Updates to Specialized Driving Privileges in Indiana

Last year, Indiana legislators amended the law to the benefit of those recently charged with Operating a Vehicle While Intoxicated (“OWI”). Under the new law, Hoosiers have the ability to avoid an immediate license suspension. This post will lay out the general procedure for staying that initial suspension and obtaining Specialized Driving Privileges (“SDP”) when charged with OWI.

First, one must be eligible for SDP. You are ineligible for SDP in Indiana if (1) you have never been an Indiana resident, (2) you refused a certified chemical test offered to you by a police officer, or (3) the BMV determined that you are incompetent or unfit to operate a vehicle.

Generally, if, at an initial hearing, a Judge finds probable cause that a defendant operated a vehicle while intoxicated, the Judge is required to suspend your driving privileges and notify the BMV of that suspension. This is commonly referred to as a “probable cause suspension.” Prior to the recent amendment to the SDP law and procedure, an OWI defendant would be stuck with the probable cause suspension unless and until the defendant was awarded SDP. Previously, that meant that defendants could not drive until (1) they obtained the required SR-22/insurance coverage, (2) they drafted and filed their Petition for SDP, and (3) they attended a subsequent hearing at which the Judge would hopefully grant SDP.

Indiana Code 9-30-16-1(g) now changes that procedure and offers an avenue to stay the probable cause suspension. More specifically, if a defendant indicates to the Court at an initial hearing that (1) the defendant is eligible for SDP and (2) the Defendant intends to file a Petition for SDP, the Court must stay the probable cause suspension for a period of 30 days. From there, time is of the essence, as the defendant has only 10 days from the date of the initial hearing to obtain the required SR-22 coverage and file the Petition for SDP. The suspension will go into effect if the defendant does not properly file for SDP within that 10-day window. However, so long as a defendant properly files for SDP within 10 days, the suspension will remain stayed until the Court holds a subsequent hearing and either grants (and thus continues) the SDP or denies the SDP.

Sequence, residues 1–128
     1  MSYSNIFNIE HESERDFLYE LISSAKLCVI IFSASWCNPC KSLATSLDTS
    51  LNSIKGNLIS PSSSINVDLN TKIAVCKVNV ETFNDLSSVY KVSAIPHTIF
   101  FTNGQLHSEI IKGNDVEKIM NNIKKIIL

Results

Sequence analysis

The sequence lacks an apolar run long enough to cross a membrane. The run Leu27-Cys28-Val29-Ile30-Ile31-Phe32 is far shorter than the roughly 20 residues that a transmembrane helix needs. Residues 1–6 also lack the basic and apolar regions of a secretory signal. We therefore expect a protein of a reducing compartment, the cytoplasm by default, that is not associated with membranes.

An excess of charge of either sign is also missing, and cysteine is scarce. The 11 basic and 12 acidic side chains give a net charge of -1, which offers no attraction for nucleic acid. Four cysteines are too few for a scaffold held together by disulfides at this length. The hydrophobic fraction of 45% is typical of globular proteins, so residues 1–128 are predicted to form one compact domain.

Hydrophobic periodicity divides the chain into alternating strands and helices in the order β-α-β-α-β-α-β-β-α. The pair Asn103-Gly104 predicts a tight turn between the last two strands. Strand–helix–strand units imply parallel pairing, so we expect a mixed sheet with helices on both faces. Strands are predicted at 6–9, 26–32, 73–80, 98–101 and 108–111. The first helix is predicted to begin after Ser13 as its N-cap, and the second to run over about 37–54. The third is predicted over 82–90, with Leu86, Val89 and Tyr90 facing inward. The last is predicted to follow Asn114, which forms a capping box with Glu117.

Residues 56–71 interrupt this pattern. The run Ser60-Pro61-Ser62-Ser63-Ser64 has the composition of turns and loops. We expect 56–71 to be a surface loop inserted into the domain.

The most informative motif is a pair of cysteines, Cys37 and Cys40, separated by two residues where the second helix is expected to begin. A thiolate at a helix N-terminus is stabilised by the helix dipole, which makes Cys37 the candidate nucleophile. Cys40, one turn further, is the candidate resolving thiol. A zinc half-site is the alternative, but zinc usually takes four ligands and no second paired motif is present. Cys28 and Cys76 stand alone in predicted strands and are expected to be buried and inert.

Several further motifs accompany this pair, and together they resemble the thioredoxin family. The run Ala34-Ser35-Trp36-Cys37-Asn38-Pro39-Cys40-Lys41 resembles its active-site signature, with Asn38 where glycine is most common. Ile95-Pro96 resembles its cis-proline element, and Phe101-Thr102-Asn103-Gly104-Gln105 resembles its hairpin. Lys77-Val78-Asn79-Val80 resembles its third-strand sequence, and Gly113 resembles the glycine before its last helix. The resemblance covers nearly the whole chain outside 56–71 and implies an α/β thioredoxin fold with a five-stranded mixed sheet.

While the possibility of staying a suspension of driving privileges is a positive for Hoosiers charged with OWI, it must be noted that Courts can, and frequently do, impose certain conditions or limitations on the privileges they grant. For example, Courts can limit your driving privileges to certain days of the week, certain hours of the day, or even limit where you are allowed to drive to and from. Courts may also require that the defendant only operate a vehicle with an ignition interlock device installed.

Choosing an attorney with knowledge and experience in OWI and SDP laws can make a drastic impact in your case, which can in turn make a drastic impact on your future. If you or a loved one have been charged with OWI, or need help applying for specialized driving privileges, please contact us at any time via email at legal@pillarlgp.com or by phone at (812) 539-2111. Thank you.


Disclaimer: this post is made for informational purposes only, and should not be construed as legal advice. Please consult an attorney with questions regarding a specific case.

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